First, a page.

Vietnam’s National Financial Supervisory Commission claims the central bank should fight liquidity issues by pumping money into the banking system.
Experts agree the banking system is bleeding, but the best course of treatment is open to debate
However, experts are warning this is nothing but a quick fix. The influential commission (NFSC) proposed using the “central bank’s direct refinancing” to increase the banking system’s liquidity at an economic conference held by the body last week in Hanoi.
The measure is one of a range of policies put forward by the body to help the banking industry deal with liquidity issues seen as a key problem for the Vietnamese economy in 2012.
“The first and most pressing task is pumping money to resolve liquidity problem in struggling banks. We see it as an urgent measure that must be done for the short-term,” said NFSC vice chairman Le Xuan Nghia.
According to the proposal, this liquidity increase would be conducted “in a rational manner,” with credit mainly flowing into the agriculture and export-earmarked production sectors, small and medium enterprises and certain segments of the real estate sector.
Capital for the securities and real estate investment and consumption – seen as bearing inflation risks – would be strictly limited. In such a way, a liquidity hike would not have an inflationary effect, the proposal said.
The NFSC proposal comes at a tough time for the banking sector and is seen as a way of dealing with what the body sees as an utterly crucial problem for Vietnamese economy in 2012.
"There were cases where weak banks that had almost died but could not be buried, extending their lives until this year. There must be ways for them to completely die
- Nguyen Duc Huong
Vice chairman of Lien Viet Post Bank"
The banking industry’s loan to deposit ratio (LDR) in 2011 was estimated at 1.02-1.03, compared with 1.01 in the years 2010 and 2009, and 0.95 in 2008. Meanwhile, bad debts have soared to more than VND85 trillion ($4.1 billion), putting extra pressure on the banking system.
Some banks were mobilising at rates as high as 21 per cent – far from the 14 per cent cap regulated by the central bank – as they struggled to obtain funds to improve their liquidity, Nghia indicated. At the same time, many other banks were offering rates of 19-20 per cent.
“The key to Vietnam’s 2012 economy is banking liquidity. If we cannot resolve it, we cannot lower lending interest rates and so cannot increase assets. Without increasing assets, state-run enterprises’ equitisation and improvement in bad debts are all a waste,” Nghia noted.
The NFSC also proposed some other tools to improve bank liquidity, including raising the reserve requirement to facilitate the transfer of funds from major banks with redundant funds to ones that lack funds, and allowing banks to trade gold on accounts to gain cash. Private gold reserves are estimated to be about $5–7 billion.
The commission hopes to increase banking liquidity within the first quarter of 2012 – or within the first six months if conditions are unfavourable. This is to lower the interest rate by 4-5 per cent point, which they believe could reduce input costs for the whole economy by about $4.8 billion.
“There need to be an easing [in policy] to some extent,” said NFSC’s chairman Vu Viet Ngoan, adding State Bank of Vietnam was likely to apply those technical tools to improve banking liquidity.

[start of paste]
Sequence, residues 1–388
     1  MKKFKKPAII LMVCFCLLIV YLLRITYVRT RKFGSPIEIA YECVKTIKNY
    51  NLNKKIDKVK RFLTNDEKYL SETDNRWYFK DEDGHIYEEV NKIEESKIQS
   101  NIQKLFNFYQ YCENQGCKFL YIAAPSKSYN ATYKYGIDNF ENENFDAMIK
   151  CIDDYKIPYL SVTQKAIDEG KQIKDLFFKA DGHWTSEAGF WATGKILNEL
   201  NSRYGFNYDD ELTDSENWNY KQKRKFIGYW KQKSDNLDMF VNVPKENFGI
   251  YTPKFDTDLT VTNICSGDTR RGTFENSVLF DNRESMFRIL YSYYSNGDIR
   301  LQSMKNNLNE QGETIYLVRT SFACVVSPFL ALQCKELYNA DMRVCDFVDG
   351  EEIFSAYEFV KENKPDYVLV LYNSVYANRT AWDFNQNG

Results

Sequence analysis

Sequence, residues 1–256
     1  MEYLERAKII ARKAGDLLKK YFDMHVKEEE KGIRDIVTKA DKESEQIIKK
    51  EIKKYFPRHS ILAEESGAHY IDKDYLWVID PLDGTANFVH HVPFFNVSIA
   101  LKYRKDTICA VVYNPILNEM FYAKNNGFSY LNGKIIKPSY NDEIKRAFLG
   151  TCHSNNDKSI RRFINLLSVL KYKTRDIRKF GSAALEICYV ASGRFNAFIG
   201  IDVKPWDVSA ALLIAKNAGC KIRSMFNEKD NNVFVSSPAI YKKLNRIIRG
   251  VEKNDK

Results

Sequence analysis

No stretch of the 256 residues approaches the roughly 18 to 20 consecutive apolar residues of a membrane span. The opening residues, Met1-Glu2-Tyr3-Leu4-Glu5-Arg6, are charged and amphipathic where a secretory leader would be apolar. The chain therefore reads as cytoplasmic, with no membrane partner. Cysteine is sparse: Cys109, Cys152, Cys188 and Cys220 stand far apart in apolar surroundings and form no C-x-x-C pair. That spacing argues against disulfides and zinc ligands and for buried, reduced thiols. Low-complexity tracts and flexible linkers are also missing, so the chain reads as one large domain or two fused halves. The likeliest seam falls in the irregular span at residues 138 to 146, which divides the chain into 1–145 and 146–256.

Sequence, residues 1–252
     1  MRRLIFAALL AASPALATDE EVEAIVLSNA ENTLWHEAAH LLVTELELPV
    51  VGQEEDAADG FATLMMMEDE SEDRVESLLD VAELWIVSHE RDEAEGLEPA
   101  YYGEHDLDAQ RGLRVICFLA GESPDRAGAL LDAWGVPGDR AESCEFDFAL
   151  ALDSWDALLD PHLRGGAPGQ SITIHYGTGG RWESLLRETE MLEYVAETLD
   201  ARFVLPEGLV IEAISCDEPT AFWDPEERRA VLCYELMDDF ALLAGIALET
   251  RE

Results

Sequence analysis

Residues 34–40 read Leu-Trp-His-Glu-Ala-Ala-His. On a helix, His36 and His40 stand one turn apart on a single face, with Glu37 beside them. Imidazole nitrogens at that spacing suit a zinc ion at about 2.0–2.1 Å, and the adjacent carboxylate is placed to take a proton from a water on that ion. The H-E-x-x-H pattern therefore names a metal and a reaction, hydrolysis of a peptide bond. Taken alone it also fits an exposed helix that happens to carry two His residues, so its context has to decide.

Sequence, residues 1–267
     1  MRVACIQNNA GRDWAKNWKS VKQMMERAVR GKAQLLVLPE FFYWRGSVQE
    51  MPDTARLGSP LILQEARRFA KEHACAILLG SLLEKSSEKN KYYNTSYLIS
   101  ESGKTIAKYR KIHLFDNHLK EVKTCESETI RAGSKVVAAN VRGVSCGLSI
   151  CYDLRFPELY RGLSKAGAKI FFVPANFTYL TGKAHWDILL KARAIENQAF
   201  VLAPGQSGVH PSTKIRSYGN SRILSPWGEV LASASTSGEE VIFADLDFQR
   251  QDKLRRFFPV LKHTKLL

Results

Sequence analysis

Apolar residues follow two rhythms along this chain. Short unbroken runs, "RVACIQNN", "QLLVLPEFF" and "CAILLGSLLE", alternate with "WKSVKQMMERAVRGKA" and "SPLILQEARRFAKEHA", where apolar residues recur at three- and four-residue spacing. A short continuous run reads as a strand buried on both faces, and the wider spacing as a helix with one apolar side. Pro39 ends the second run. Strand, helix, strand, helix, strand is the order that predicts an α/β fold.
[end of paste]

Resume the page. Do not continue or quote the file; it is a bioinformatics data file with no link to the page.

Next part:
However, the NFSC proposal met with strong criticism from banking industry insiders. Most implied that continuing the tightened monetary policy was necessary to eliminate weak banks, particularly given the central bank was aiming at restructuring the banking industry.
“If we allow banks to sell gold or pump more money into the banks, what will happen? Money will flow into the securities market and real estate market, which now need a lot of money to pay off huge debts, not into producing,” said Bui Ngoc Son from the Institute of World Economics and Politics.
Son argued that the regime of money supply between banks and securities and real estate markets was “rash.” Nguyen Duc Huong, vice chairman of Lien Viet Post Bank, stressed that the consequences would be “very serious for the future”.
Huong criticised policy easing as an attempt to keep weak banks alive in the short term. “There were cases where weak banks that had almost died but could not be buried, extending their lives until this year. There must be ways for them to completely die,” he added.
The interbank market is experiencing unprecedented disorder caused by falling confidence. For the first time in the Vietnamese banking industry's history, lending in interbank market requires mortgages.
Bad debt of the whole industry at the end of 2011's second quarter mounted to VND71.6 trillion or $3.46 billion (up more than VND20 trillion against the end of 2010 and 45.1 per cent on-year).
The average speed of the bad debt growth in 2011's first six months was 7.3 per cent per month, or double that of 2010. The ratio of non-performing loans to total outstanding loans also soared to 2.88 per cent by June 2011 and is reaching 3.39 per cent, or 1.2 per cent up against the end of 2010.
All debt groups are trending upwards. In particular, the ratio of the fifth-group debt - the uncollectible debt- has exceeded 50 per cent of the total bad debt. Capital adequacy ratios (CARs) are tending to fall. The ratio for the overall banking industry was 11.97 per cent as of June, 2011, down 0.16 per cent point against December 2010.
The number of banks that failed to meet the required minimum CAR of 9 per cent significantly increased to 17 of a total of 42 banks at the end of 2011's third quarter, compared with just two banks at the end of second quarter of last year.
By Hai Trang